Using Copyright to Combat Revenge Porn
Amanda M. Levendowski
New York University School of Law
Tri-State Region IP Workshop, Winter 2014
NYU Journal of Intellectual Property & Entertainment Law, Vol. 3, 2014
The phenomenon of “revenge porn” – defined as sexually explicit images that are publicly shared online, without the consent of the pictured individual – has attracted national attention. Victims of revenge porn often suffer devastating consequences, including losing their jobs, but have had limited success using tort laws to prevent the spread of their images.
Victims need a remedy that provides takedown procedures, civil liability for uploaders and websites, and the threat of money damages. Copyright law provides all of these remedies. Because an estimated 80 percent of revenge porn images are “selfies,” meaning that the subject and the photographer are one in the same, the vast majority of victims can use copyright law to protect themselves.
Although copyright is not a perfect solution, it provides a powerful tool to combat revenge porn. In Part I, I examine how Section 230 protects revenge porn traffickers, like IsAnyoneUp, from liability. Part II discusses why harassment, stalking and privacy laws are often inadequate means of fighting revenge porn. In Part III, I explain why existing and proposed legislation presents problems for both victims and free speech. Finally, Part IV outlines why copyright functions as a powerful tool to combat revenge porn.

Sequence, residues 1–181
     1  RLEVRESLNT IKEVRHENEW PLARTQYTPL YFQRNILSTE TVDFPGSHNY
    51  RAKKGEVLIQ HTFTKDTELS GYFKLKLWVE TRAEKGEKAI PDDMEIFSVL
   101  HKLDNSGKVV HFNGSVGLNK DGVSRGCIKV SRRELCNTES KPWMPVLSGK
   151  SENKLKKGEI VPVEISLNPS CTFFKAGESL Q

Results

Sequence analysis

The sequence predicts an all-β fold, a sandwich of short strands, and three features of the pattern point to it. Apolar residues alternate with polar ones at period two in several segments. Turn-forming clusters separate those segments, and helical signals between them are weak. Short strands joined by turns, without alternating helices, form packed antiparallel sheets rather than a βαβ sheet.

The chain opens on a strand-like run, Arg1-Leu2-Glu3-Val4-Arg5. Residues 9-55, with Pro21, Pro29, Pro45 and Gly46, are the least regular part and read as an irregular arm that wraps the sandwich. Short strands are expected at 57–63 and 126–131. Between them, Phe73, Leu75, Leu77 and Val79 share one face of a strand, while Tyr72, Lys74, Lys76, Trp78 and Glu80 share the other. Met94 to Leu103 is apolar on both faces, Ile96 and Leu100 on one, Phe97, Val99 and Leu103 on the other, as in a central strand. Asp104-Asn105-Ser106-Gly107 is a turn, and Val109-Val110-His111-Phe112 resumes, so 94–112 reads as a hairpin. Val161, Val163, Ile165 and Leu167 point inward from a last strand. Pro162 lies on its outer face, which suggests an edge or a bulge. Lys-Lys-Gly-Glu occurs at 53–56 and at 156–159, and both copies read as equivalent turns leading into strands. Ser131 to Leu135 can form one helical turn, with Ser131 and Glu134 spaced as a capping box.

Number of Pages in PDF File: 25
Keywords: revenge porn, copyright, privacy, First Amendment, sexting, free speech, section 230, DMCA
Date posted: January 4, 2014 ; Last revised: May 9, 2014
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